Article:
In our system-level simulator, we have used link-level abstraction to emulate the link-level operations of communication links [6,11]. For this, we have used the LTE linklevel simulator and evaluated the packet error rate (PER) for all the possible combinations of SINR and modulation and coding scheme levels. We have also summarized all the results on the PER. In the system-level simulator, we have only calculated the SINR for the communication links and found the corresponding PER value for the SINR from the simulation results from the link-level simulator. After that, we have dropped the packets with the same probability as the PER value. This kind of link-level abstraction has been widely used in previous works in implementing systemlevel simulators [6,11], and the link-level of communication links can be properly taken into account by using this approach.
We have designed a system-level simulator for the indoor environment. The basic simulation environment is the same as the indoor hotspot scenario in ITU-R M.2135 . A specific band for 3GPP LTE service in South Korea has been taken into account, that is, downlink (1,840？1,850 MHz) and uplink (1,745？1,755 MHz). Each BS is configured to satisfy the 3GPP TS 36.104 ACLR 46 dBc standard  and the transmission power of the BS is set to 1 W. In our systemlevel simulator, we assume that the antenna configuration is 4-by-4, and the data is transmitted by using multiuser-MIMO. We assume that four BSs are deployed inside of the building. By referring to the indoor hotspot scenario, we assume that the shape of the building is square and there are nine square rooms in the building, where the size of each room is 225 m2. As we can see from the antenna pattern in Fig. 2, the antenna that we have considered in our simulator has highly directive transmission characteristics. To properly give mobile service to all users in the area inside the building, we have placed four BSs at the corner. Moreover, users are placed within the building randomly according to a Poisson point process .
For scheduling, we assume that users who do not use CoMP have been scheduled by using proportional fair scheduling. Other users who use CoMP have been scheduled by using round-robin scheduling. We used roundrobin scheduling for CoMP users because 1) two BSs transmit data to one common user in CoMP and it is very complicated to calculate the PF index and 2) round-robin scheduling is fairer than proportional fair scheduling. Given that users who use the CoMP will be likely to be in bad channel conditions, it will be better to use fairer scheduling. Other simulation parameters are shown in Table 1.
In this section, we will show the performance of indoor mobile communication systems with CoMP, which is based on the 3GPP LTE standard.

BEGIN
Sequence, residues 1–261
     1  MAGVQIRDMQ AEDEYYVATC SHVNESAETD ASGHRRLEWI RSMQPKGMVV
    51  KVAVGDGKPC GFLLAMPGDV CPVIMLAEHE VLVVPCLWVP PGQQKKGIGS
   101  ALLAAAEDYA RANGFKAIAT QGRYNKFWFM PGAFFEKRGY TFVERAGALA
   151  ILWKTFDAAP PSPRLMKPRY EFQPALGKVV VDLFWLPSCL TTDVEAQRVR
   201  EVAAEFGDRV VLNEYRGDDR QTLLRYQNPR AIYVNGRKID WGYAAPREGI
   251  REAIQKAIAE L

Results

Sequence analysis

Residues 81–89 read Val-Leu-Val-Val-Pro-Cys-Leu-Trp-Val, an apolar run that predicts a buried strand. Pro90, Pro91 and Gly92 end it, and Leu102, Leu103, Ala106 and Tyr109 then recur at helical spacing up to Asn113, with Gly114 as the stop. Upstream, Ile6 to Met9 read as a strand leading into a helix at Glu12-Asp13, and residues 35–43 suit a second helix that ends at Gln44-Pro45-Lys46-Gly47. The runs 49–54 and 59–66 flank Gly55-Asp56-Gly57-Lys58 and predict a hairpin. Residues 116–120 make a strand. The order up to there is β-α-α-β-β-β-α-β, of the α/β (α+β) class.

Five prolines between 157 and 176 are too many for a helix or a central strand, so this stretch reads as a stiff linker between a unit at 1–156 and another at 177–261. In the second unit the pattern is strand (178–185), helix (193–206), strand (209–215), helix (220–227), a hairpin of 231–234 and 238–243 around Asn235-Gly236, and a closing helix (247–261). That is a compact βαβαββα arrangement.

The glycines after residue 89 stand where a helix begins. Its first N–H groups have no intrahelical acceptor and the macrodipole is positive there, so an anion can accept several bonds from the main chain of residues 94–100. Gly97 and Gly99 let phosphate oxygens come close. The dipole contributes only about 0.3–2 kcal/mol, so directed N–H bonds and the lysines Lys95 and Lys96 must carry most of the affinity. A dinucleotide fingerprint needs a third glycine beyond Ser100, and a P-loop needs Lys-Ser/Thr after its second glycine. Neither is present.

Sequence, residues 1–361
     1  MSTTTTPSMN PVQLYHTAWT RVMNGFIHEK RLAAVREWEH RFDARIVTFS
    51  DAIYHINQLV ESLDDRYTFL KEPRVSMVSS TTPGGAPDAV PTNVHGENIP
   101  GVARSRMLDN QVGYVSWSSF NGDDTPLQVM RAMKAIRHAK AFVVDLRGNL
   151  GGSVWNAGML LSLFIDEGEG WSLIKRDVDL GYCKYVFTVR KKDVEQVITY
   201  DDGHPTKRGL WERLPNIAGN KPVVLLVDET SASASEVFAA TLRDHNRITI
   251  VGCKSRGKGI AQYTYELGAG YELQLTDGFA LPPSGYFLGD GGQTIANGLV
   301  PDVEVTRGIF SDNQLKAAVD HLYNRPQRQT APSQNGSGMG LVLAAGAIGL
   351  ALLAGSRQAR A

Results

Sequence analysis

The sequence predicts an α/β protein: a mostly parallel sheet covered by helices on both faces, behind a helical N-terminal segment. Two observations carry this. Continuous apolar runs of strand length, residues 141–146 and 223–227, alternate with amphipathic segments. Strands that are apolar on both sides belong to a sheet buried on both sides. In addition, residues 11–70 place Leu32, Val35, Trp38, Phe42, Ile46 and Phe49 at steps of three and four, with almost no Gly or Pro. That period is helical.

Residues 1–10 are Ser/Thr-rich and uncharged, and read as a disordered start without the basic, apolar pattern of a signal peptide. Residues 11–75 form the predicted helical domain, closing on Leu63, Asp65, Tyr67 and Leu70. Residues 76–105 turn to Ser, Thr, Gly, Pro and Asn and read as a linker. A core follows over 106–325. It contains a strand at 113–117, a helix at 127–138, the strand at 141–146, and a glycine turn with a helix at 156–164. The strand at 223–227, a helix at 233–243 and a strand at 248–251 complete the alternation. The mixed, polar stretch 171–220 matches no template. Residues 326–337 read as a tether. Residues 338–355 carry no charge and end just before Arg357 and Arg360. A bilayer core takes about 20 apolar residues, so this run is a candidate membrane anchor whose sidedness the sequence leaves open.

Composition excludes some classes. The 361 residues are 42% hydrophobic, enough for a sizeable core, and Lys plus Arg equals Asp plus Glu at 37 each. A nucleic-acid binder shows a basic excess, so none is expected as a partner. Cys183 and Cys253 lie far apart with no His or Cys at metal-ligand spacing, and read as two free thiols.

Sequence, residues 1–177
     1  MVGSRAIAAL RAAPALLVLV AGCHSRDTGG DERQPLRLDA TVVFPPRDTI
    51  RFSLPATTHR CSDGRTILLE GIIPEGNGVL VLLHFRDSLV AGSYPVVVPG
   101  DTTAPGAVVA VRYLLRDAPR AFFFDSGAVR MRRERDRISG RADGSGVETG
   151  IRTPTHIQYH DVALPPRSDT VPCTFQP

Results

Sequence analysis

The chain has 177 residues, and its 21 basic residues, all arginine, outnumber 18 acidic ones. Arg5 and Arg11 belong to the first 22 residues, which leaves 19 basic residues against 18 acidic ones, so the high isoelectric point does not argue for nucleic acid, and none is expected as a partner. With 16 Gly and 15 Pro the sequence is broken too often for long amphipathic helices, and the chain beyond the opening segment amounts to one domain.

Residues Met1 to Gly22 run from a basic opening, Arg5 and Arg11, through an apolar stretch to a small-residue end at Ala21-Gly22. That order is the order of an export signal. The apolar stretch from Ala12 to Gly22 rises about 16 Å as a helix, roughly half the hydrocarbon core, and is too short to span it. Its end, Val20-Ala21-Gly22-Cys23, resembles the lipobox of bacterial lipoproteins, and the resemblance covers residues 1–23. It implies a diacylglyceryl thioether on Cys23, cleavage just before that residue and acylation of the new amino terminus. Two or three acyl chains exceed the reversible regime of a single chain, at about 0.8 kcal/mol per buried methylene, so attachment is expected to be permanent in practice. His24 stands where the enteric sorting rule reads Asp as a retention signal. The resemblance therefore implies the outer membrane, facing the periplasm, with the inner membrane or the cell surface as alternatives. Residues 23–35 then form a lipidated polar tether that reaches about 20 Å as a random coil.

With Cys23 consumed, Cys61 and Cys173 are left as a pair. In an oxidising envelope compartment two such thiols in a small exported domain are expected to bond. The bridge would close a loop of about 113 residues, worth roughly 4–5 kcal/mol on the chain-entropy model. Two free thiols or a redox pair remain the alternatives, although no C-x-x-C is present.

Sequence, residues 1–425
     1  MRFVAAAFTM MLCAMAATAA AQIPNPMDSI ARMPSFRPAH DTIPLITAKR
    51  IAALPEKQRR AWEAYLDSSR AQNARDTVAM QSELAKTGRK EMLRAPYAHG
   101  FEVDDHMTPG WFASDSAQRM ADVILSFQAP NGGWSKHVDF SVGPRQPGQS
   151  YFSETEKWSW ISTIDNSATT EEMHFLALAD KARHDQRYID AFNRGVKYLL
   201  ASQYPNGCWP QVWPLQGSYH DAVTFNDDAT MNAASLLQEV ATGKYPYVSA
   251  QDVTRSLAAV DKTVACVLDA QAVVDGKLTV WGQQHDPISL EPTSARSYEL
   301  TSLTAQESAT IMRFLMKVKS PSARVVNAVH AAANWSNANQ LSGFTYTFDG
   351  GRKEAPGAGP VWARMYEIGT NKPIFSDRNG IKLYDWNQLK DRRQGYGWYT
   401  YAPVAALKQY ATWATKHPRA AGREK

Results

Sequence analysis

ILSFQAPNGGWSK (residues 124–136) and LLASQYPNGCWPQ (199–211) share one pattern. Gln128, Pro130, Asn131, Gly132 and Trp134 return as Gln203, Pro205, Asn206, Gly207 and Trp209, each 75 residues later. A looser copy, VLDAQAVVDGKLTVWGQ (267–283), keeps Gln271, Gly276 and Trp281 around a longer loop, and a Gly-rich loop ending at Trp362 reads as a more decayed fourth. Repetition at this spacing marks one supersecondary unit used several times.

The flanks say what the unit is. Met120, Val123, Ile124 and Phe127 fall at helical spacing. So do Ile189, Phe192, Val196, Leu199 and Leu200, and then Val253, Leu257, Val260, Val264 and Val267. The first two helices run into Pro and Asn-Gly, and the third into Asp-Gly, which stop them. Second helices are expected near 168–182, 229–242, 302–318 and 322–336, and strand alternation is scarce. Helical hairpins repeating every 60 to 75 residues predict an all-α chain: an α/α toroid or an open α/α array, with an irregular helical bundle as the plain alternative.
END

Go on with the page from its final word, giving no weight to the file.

First, we checked the distribution of users who use CoMP by changing the
Moreover, we can observe that more users are using the CoMP as the
Furthermore, we found that users located at the center of the building are more likely to use CoMP because the amount of interference becomes larger. In the room located at the center of the building, the designated signal from an associated BS and interference from the other three BSs should pass through the same number of walls (2 walls) and path loss is likely to be similar for the signal and the interference, which results in a higher probability for the CoMP criterion to be satisfied.
Next, the cumulative distribution function (CDF) of the effective SINR has been shown in Fig. 5. The effective SINR is the SINR multiplied by the transmission opportunity. When CoMP is not used, the transmission opportunity does not deteriorate and the effective SINR is the same as the SINR itself. However, when the CoMP is used, the transmission opportunity will be lost and the effective SINR will be less than the SINR. For example, when
As can be seen from the results, the proportion of users that are in the low-SINR regime can be reduced by using the CoMP and the level of improvement is greater as more users use CoMP, that is,
Finally, we have evaluated the spectral efficiency of indoor mobile communication systems with CoMP by varying
As we can see from the results, the average cell spectral efficiency is not improved by using CoMP, but rather it decreases. This is mainly due to the loss of the transmission opportunity in using the CoMP. However, as we can see from Table 3, the spectral efficiency of the lower 50% of users is improved by using CoMP (4.1% for
Cell spectral efficiency
Average spectral efficiency of the lower 50% of users
of low data rate users with the sacrifice of high data rate users and resources can be distributed more fairly. If the performance improvement of low data rate users is more important, then the
Although we did not include the results in this paper, we have also evaluated the performance of CoMP in outdoor cellular environments, and we found that the overall performance is also improved in that case. In indoor environments, the gain in spectral efficiency for low data rate users is not large enough to overcome the performance degradation caused by the loss of transmission opportunity in CoMP. The main reason for this phenomenon is that although the dominant interference can be efficiently removed by using CoMP, the amount of residual interference is still large. We can find from Fig. 3 that a huge portion of CoMP users is located in the room at the center of the building. In this region, the path loss of the signal from four BSs is likely to be similar. Therefore, even though the dominant interference is removed, the remaining interference is still huge and the performance gain of the CoMP diminishes. As a result, it should be noted that in indoor environments, more than two BSs should cooperate in transmission to achieve the full benefits of CoMP.
In this paper, we have evaluated the performance of indoor mobile communication systems with CoMP technology. Although CoMP technology has been conceived as a key technology for future mobile communication systems, the performance of CoMP has not been evaluated in realistic indoor environments. For this purpose, we have designed a system-level simulator including specific realistic factors such as a practical antenna pattern and link-level results. Through intensive simulation, we have shown that unlike outdoor cellular systems, CoMP technology may improve the throughput of low data rate users; however, the overall throughput of mobile communication systems might deteriorate due to the loss of transmission opportunity.